This situation can be evaluated by comparing the {I}Use% figures provided by df and df -i:

$ df -h /home
Filesystem              Size    Used   Avail  Use%   Mounted on
/dev/mapper/lvm-home    115G    56G    59G    49%    /home
$ df -hi /home
Filesystem              Inodes  IUsed  IFree  IUse%  Mounted on
/dev/mapper/lvm-home    1.8M    1.1K   1.8M   1%     /home

To specify a different bytes-per-inode ratio, you can use the -T usage-type option which hints at the expected usage of the filesystem using types defined in /etc/mke2fs.conf. Among those types are the bigger largefile and largefile4 which offer more relevant ratios of one inode every 1 MiB and 4 MiB respectively. It can be used as such:

# mkfs.ext4 -T largefile /dev/device

The bytes-per-inode ratio can also be set directly via the -i option: e.g. use -i 2097152 for a 2 MiB ratio and -i 6291456 for a 6 MiB ratio.

Tip: Conversely, if you are setting up a partition dedicated to host millions of small files like emails or newsgroup items, you can use smaller usage-type values such as news (one inode for every 4096 bytes) or small (same plus smaller inode and block sizes).
Warning: If you make a heavy use of symbolic links, make sure to keep the inode count high enough with a low bytes-per-inode ratio, because while not taking more space every new symbolic link consumes one new inode and therefore the filesystem may run out of them quickly.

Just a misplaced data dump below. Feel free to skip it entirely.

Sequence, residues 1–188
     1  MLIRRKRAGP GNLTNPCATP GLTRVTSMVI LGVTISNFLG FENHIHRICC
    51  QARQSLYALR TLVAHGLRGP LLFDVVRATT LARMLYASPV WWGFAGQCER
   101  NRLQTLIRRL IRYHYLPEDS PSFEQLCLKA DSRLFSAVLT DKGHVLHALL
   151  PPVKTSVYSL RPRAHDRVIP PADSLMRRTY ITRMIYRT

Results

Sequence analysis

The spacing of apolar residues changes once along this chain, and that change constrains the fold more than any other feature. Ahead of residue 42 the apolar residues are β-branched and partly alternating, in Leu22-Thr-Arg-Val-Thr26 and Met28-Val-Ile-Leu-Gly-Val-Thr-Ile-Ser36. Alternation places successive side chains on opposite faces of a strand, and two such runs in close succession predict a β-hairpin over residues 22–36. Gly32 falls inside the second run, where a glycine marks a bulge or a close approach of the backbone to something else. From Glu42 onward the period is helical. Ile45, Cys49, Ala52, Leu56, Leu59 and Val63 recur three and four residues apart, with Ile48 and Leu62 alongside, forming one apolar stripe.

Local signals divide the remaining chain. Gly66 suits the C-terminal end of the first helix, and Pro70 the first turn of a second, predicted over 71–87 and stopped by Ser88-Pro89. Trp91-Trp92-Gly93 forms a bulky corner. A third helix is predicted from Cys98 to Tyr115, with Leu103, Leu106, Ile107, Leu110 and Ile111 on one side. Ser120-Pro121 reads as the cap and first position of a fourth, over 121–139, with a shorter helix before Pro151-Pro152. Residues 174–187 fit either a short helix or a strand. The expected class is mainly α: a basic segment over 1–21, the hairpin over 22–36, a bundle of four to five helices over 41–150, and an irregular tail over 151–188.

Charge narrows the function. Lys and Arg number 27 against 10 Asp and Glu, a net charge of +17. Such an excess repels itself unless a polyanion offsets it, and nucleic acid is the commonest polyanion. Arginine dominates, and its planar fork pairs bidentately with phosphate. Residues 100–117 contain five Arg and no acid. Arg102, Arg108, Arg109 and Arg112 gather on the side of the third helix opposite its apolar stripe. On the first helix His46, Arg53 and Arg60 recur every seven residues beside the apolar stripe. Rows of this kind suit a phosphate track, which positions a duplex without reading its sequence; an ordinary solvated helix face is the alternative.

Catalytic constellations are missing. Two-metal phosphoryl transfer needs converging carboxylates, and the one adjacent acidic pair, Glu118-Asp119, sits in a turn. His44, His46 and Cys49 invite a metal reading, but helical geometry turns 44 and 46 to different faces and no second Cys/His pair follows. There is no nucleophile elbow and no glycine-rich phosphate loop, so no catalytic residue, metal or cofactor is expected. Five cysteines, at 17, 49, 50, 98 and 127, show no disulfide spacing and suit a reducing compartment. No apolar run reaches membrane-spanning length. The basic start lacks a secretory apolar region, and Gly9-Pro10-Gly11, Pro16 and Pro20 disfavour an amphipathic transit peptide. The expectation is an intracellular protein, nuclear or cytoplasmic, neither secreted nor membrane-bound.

Reserved blocks

By default, 5% of the filesystem blocks will be reserved for the super-user, to avoid fragmentation and "allow root-owned daemons to continue to function correctly after non-privileged processes are prevented from writing to the filesystem" (from mke2fs(8)).

For modern high-capacity disks, this is higher than necessary if the partition is used as a long-term archive or not crucial to system operations (like /home). See this email for the opinion of ext4 developer Ted Ts'o on reserved blocks.

It is generally safe to reduce the percentage of reserved blocks to free up disk space when the partition is either:

  • Very large (for example > 50G)
  • Used as long-term archive, i.e., where files will not be deleted and created very often

The -m option of ext4-related utilities allows to specify the percentage of reserved blocks.

To totally prevent reserving blocks upon filesystem creation, use:

# mkfs.ext4 -m 0 /dev/device

To change it to 1% afterwards, use:

# tune2fs -m 1 /dev/device

You can use findmnt(8) to find the device name:

$ findmnt /the/mount/point

Migrating from ext2/ext3 to ext4

Mounting ext2/ext3 partitions as ext4 without converting

Rationale

A compromise between fully converting to ext4 and simply remaining with ext2/ext3 is to mount the partitions as ext4.

Pros: